When I began the piece, I traveled across the country, and met survivors who were over a hundred years old. I asked them about their childhood and about their last memories in their homeland, Turkey. And, despite my original distance, I felt connected to their stories. Like me, they were taken away from their home at a young age and never had any sense of closure with their past. It was the same sort of feeling I had growing up in America. This mutual understanding and shared loss drove the rest of my project.
After asking them what they most missed about home, I decided to travel back to their village, photograph those memories, and bring the pictures back to the survivors 100 years later.
Laurence: What was your relationship to the survivors? How did they help you and vice-versa?
Diana: This was not my story. I needed the survivors to guide me through the process. So when I met Movses, Mariam and Yeprkasia, I asked them to lead me through their pasts. They, in turn, asked me to help fulfill their wishes: Movses wanted me to find his church and leave his image there, Mariam asked me to bring back Turkish soil so she could be buried in it, and Yeprkasia wanted help finding her older brother whom she was separated from after the genocide. I never found Yeprkasia’s brother, but I did come back with a story for Movses and a container of dirt for Mariam. When she opened it, she thanked me, and said, “You have brought the smell of my village to me” It was a real exchange. This project moved me. I wanted to give something back beyond my images. I started a print sale last year to raise money to help rebuild their homes. We’ve just completed the renovations last week.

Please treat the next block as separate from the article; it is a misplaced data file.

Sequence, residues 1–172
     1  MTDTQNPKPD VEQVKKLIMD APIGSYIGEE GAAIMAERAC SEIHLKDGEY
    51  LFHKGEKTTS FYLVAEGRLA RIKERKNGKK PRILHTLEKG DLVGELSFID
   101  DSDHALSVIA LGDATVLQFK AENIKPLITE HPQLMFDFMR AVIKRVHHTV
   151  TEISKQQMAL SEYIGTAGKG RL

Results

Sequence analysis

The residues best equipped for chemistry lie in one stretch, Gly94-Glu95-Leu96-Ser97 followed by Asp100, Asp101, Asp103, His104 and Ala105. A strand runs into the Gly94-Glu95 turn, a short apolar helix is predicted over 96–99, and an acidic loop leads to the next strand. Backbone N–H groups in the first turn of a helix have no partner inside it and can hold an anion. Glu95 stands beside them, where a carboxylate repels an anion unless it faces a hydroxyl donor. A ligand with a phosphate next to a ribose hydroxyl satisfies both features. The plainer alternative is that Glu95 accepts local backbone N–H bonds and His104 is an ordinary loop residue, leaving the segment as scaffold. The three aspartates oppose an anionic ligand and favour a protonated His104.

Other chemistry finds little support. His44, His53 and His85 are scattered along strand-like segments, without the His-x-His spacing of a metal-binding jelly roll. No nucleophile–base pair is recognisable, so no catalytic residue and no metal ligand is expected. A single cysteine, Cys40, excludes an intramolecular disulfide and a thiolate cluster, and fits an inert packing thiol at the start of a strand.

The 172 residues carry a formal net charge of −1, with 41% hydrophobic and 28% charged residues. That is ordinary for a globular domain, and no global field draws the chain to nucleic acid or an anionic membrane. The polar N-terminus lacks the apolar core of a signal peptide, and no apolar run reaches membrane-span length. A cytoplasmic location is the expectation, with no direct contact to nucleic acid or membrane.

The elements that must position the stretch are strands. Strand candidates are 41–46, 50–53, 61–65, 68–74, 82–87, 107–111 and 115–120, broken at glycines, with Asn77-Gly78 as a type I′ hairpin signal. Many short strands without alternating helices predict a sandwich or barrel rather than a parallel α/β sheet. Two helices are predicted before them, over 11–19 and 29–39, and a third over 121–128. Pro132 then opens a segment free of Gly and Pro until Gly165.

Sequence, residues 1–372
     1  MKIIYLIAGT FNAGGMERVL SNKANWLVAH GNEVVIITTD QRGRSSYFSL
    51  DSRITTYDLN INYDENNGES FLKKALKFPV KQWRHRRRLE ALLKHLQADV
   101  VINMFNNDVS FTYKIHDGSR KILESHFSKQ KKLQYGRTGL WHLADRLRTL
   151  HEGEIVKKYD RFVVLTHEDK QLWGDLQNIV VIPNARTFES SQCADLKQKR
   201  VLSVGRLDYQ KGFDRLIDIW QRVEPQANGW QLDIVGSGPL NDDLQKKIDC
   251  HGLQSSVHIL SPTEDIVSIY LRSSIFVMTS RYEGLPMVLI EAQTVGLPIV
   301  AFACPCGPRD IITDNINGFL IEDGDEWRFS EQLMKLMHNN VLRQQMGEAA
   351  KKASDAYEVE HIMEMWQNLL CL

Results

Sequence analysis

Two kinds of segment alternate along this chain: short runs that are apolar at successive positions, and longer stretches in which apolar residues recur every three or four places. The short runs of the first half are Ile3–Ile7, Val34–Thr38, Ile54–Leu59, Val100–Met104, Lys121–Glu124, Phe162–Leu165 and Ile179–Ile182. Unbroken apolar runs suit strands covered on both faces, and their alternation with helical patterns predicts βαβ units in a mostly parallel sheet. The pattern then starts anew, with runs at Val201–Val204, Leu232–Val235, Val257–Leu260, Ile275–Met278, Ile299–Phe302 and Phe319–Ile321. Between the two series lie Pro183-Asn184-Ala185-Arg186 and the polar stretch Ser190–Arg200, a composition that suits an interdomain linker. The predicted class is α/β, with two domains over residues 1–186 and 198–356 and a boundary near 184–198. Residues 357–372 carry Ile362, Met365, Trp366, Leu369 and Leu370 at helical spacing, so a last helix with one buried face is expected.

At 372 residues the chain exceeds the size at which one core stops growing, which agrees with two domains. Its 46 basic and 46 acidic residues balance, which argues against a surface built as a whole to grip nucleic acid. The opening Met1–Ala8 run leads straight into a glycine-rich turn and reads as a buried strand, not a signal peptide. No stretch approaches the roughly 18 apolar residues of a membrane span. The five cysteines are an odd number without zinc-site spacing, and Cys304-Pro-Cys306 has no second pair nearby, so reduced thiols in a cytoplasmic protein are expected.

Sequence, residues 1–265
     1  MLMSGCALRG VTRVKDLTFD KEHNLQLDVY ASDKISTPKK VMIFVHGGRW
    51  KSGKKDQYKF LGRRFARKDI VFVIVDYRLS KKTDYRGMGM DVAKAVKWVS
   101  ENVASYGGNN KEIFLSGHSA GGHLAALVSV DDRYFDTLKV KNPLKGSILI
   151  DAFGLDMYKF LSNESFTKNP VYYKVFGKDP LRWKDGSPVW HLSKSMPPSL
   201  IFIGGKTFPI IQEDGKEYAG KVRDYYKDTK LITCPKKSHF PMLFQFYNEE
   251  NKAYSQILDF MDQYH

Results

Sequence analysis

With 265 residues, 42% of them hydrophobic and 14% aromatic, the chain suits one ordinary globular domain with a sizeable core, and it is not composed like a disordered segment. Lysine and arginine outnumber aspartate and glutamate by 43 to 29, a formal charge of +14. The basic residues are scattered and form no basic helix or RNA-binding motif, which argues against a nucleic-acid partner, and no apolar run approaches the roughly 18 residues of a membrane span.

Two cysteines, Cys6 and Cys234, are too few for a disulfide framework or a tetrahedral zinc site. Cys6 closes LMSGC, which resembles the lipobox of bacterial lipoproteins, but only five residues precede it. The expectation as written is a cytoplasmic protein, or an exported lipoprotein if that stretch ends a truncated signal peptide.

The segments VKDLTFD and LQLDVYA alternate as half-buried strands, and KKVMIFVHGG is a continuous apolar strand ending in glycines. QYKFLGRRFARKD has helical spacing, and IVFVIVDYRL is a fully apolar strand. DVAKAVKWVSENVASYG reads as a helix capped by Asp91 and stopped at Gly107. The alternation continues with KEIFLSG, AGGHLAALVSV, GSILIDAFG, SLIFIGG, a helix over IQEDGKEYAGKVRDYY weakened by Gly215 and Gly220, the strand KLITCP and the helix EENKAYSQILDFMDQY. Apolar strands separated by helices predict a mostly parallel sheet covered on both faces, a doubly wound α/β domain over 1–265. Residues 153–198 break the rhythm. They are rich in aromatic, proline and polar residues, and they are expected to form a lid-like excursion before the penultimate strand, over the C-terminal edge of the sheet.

Laurence: You are mainly working on emotionally heavier stories, how do you cope with their weight?
Diana: I am not sure if I do [cope]. I guess for me, there was a point when it was no longer about the photography; the work became my life. It all started in Chechnya: something broke inside me and it was hard to understand how to cope with it. I would come home and write down my feelings, trying to understand the girls’ pain, almost like if I thought about it enough I could somehow take on that pain. It was the same sort of feeling I had when creating the work on my father. But now it became personal. It was my life. I was vulnerable. And photography allowed me to confront this feeling head on.
Laurence: So, what’s next?
Diana: I want to keep pushing myself - to challenge myself in a different way. I’ve just finished a new collaborative project with my father. I am now in Georgia, working on something else. I am really not sure if it’s good, but I’ve realized I like this feeling of not knowing. It is what drives me. I guess it’s not so much about having my work published, at least it isn’t anymore. That's just the side effect.
Interview by Laurence Cornet / [email protected]
Edited by Sahiba Chawdhary / [email protected]